2016 Kia Sorento SUV Review

2016KiaSorentoThe all-new 2016 Kia Sorento is a great option for families who want a slightly smaller vehicle with a third row of seating.  It’s bigger and safer than the previous Sorento.  That gives it a big advantage over compact SUVs, and it’s more maneuverable with better handling than the larger midsize models.  Perhaps best of all, it gets top crash test results.  That means a “Good” score in every rating from the IIHS and a “5-star” rating in all 5 crash test results from the NHTSA.  It earns an impressive 5-star overall NHTSA rating AND a Top Safety Pick award from the IIHS*.  The 2016 model would have qualified as a Top Safety Pick+ on Limited models with the Technology package under previous year’s IIHS requirements, but their new ratings require a front crash prevention system with “advanced” performance to qualify for the “Plus” award.  The optional system on the Sorento Limited only earns a “basic” performance rating.


*Correction: Sorento Limited w/ Tech package does NOT earn a Top Safety Pick+ award

As for carseats, there are a couple quick takeaways.  Being among the smaller midsize SUVs, the second row is a bit narrower than models like the 2016 Honda Pilot.  Three-2016SorentoSeatbeltCrossoveracross carseats can be done, but it is a challenge.  The middle seat is best suited for a narrow booster like a BubbleBum, or a narrow carseat like a Diono Radian or Clek Fllo.  The crossover of the center seatbelt with the driver side seatbelt and lower LACTH anchor (photo, right) can be a conflict for some 3-across setups.  The third row is best suited for kids due to marginal legroom and low seat cushions.  A major omission, there are still no top-tether anchors in the third row, and the shoulder belts are mounted a bit forward of the seat backs.  That makes it best-suited for kids in high back boosters and tweens.  Consider smaller adults in the third row only for short trips.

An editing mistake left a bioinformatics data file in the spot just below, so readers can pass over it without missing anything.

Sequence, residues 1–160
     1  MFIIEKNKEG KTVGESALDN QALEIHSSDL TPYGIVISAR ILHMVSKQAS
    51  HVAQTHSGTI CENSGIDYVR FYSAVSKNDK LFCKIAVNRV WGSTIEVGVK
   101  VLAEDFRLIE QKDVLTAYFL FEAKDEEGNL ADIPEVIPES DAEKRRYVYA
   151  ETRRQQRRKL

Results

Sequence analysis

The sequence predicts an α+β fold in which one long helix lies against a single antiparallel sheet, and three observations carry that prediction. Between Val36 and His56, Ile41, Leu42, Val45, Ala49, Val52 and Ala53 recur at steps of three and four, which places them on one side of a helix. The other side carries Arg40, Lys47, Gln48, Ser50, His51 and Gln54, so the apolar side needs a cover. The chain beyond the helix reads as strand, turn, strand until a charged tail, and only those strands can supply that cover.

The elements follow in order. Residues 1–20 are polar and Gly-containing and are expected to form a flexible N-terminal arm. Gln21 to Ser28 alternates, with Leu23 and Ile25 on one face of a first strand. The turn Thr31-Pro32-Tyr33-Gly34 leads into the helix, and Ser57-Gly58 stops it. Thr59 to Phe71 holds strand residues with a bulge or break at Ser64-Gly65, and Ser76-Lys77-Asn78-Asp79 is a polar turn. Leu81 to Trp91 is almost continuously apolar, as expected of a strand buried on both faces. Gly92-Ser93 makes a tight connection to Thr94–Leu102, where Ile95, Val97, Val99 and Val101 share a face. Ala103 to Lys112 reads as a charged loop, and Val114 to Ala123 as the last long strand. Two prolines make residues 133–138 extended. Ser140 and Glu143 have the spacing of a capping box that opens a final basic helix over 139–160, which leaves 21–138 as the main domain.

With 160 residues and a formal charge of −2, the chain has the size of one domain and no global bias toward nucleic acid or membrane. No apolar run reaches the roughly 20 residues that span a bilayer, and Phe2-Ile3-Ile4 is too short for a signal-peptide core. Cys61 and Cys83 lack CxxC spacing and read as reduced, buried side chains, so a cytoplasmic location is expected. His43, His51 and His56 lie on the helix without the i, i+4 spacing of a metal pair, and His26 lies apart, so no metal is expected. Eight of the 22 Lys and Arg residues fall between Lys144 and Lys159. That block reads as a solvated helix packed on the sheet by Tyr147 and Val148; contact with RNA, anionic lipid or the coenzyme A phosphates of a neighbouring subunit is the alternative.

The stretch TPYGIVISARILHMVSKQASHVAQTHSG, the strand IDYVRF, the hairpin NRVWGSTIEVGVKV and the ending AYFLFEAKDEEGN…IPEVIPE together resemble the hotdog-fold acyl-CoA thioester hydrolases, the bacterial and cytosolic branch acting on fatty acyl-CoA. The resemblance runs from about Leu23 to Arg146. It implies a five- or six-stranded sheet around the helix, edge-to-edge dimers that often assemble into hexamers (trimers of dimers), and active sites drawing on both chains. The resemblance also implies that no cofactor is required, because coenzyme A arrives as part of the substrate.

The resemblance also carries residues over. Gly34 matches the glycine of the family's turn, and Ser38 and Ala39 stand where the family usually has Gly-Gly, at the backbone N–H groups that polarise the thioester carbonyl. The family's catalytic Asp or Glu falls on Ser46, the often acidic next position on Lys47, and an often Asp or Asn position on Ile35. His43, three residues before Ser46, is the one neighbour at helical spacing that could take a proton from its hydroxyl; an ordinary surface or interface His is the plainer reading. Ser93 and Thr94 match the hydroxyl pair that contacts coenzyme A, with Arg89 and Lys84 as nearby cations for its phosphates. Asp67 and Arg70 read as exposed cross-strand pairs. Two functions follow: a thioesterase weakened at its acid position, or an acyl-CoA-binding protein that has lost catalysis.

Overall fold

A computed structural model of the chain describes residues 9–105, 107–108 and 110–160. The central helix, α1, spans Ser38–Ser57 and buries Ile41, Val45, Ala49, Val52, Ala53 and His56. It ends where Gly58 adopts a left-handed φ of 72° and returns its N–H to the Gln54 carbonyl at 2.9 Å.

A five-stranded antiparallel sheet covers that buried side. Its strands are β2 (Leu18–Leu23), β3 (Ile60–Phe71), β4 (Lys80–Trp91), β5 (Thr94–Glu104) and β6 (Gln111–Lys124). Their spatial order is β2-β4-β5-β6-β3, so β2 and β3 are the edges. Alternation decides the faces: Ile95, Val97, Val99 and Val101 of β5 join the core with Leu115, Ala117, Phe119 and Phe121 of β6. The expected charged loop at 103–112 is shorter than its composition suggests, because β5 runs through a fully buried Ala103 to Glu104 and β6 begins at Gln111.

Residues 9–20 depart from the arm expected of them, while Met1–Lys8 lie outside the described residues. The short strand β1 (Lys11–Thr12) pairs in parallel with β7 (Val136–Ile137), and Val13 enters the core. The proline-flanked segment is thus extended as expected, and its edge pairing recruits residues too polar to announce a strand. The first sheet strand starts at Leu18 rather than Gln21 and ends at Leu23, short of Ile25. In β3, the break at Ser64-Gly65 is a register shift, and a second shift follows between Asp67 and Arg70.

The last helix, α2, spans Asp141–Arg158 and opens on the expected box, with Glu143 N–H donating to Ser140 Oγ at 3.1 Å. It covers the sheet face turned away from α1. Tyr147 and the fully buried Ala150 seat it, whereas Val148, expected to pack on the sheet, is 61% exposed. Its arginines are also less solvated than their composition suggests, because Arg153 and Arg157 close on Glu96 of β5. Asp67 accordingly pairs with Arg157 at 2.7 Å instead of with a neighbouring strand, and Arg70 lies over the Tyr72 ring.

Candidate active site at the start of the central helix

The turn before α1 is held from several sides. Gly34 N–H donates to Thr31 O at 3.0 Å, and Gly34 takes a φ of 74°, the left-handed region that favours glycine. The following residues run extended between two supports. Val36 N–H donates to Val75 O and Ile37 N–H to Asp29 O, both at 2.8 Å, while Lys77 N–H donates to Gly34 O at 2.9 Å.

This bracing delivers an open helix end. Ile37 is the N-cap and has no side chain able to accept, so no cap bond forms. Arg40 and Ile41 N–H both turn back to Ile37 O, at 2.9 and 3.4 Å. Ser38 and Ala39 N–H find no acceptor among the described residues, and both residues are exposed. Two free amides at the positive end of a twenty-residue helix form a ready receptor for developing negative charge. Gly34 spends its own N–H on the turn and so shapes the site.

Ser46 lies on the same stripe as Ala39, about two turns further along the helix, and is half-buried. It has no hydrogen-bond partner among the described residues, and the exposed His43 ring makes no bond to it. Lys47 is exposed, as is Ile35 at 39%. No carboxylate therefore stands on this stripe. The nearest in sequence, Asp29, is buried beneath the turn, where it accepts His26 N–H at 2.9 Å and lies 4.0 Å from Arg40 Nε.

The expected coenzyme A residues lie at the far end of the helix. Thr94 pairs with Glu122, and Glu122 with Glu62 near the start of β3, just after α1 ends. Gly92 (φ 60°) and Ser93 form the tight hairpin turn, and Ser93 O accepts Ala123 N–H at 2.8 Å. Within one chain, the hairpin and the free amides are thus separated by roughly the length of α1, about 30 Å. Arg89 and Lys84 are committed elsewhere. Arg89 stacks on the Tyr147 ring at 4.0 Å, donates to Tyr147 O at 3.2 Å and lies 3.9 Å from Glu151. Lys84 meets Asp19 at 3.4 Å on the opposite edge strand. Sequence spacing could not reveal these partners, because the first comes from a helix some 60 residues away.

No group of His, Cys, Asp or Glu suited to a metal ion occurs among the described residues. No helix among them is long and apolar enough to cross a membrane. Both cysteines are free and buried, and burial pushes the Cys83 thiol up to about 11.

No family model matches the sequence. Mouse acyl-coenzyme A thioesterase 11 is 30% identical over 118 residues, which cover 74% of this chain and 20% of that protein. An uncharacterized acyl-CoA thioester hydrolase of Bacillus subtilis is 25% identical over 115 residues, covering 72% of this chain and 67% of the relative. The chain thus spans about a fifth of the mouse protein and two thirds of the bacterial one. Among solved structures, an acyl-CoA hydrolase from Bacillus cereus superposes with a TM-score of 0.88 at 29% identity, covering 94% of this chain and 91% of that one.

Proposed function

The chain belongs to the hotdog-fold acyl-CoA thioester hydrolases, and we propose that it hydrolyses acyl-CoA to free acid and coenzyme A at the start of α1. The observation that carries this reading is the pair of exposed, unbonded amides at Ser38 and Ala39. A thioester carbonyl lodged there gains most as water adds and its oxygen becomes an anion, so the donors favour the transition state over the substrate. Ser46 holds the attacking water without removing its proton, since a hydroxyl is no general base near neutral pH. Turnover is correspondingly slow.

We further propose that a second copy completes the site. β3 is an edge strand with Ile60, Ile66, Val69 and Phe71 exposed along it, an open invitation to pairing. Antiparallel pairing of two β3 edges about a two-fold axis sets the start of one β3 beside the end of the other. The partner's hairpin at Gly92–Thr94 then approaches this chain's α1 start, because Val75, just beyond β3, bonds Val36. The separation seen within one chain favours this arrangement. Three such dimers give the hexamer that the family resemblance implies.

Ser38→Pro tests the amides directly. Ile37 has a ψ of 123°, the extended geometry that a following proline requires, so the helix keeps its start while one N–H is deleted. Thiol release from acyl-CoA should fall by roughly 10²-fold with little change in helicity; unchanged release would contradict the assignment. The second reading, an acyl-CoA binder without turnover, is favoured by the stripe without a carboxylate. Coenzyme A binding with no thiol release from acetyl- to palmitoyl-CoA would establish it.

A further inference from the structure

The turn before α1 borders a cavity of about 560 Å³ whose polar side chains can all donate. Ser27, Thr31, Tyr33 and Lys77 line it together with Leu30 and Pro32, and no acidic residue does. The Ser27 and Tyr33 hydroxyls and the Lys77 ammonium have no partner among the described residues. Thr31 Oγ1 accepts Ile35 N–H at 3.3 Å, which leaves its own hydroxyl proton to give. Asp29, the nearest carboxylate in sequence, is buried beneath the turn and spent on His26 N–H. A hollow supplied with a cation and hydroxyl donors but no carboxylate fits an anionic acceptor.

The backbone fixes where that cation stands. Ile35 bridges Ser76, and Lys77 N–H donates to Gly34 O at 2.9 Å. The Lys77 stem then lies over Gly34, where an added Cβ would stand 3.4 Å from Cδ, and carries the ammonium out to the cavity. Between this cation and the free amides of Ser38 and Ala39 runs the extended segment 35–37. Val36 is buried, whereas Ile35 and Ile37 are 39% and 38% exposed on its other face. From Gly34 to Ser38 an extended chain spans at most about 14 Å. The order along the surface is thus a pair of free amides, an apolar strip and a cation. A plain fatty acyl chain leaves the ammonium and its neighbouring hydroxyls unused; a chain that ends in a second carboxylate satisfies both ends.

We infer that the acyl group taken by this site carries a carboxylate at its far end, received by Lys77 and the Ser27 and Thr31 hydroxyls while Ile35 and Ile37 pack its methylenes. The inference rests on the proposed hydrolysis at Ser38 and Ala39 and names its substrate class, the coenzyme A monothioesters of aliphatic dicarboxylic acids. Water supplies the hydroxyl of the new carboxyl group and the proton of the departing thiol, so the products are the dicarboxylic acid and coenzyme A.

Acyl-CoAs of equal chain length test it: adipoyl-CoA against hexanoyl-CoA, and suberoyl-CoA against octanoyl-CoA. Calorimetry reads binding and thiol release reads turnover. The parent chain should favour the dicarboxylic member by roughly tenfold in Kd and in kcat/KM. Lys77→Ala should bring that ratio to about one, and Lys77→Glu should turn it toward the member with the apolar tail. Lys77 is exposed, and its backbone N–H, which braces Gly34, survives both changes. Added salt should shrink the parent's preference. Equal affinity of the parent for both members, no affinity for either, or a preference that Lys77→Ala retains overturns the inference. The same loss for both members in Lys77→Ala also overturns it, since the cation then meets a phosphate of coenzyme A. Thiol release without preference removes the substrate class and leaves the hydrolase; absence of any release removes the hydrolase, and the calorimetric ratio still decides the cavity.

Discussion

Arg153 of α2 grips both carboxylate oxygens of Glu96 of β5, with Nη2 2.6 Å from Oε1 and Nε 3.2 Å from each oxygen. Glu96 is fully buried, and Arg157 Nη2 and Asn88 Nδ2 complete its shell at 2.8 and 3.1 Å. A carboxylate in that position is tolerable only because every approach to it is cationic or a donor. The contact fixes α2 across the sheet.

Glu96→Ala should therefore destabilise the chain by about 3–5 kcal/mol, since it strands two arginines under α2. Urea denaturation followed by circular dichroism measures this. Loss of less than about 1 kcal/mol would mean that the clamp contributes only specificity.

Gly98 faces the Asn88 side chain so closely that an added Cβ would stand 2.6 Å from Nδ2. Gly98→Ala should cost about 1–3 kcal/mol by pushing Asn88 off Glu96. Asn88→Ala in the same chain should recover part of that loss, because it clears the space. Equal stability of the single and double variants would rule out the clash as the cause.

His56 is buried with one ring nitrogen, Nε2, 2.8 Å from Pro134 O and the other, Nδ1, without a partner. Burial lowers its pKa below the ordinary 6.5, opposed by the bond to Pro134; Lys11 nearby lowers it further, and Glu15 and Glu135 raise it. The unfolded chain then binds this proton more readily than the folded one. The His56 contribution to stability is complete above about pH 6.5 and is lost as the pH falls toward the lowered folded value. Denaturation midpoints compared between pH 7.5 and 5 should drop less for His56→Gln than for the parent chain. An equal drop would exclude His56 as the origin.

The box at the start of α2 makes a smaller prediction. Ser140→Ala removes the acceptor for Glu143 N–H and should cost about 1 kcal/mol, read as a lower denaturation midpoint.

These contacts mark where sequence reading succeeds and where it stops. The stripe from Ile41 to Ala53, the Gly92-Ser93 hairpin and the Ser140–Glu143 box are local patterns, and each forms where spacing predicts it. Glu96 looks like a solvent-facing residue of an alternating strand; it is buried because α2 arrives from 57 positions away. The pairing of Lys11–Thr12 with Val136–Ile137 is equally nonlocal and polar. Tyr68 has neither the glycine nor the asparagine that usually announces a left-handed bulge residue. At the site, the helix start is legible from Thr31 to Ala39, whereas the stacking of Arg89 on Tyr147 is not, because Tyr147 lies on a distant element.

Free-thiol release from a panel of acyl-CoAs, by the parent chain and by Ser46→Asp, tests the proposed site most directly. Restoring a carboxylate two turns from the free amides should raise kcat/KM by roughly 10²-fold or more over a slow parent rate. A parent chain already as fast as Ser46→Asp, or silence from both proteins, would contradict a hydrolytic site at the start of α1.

The driving experience was very good overall.  Handling and braking remain very good for the class, while acceleration with the V6 is improved.  The Sorento was quiet and comfortable on the road with no major complaints from a few hundred miles of driving.  Aside from its smaller size, the 2016 Sorento really is on par with top models in the midsize SUV class in most regards.

Carseat Gallery:

Below, 2nd row (left) and 3rd row (right) seat configurations.

2016KiaSorento2ndrow 2016KiaSorento3rdrow

Below, cargo space behind 2nd row (left) and third row (right).  Note that top tether anchors are only available for the second row.


Below, three across carseats (left) with a Clek Oobr, Diono Radian and Britax Marathon ClickTight.  3-across will be a tight fit and will be difficult for some kids to buckle themselves due to limited room for hands, but keeping the booster on the passenger side avoids some of the seatbelt crossover issues.  A Graco 4Ever (center) is a very popular “All-In-One” model.  It’s a large carseat, but fits rear-facing in the center next to a Britax Parkway SGL booster.  The Diono Radian RXT (right) is narrow enough to fit in the center and allows more room for adjacent seats.  It can also be tethered while rear-facing.

2016KiaSorentothreeacross 2016KiaSorentoGraco4Ever 2016KiaSorentoDionoRadian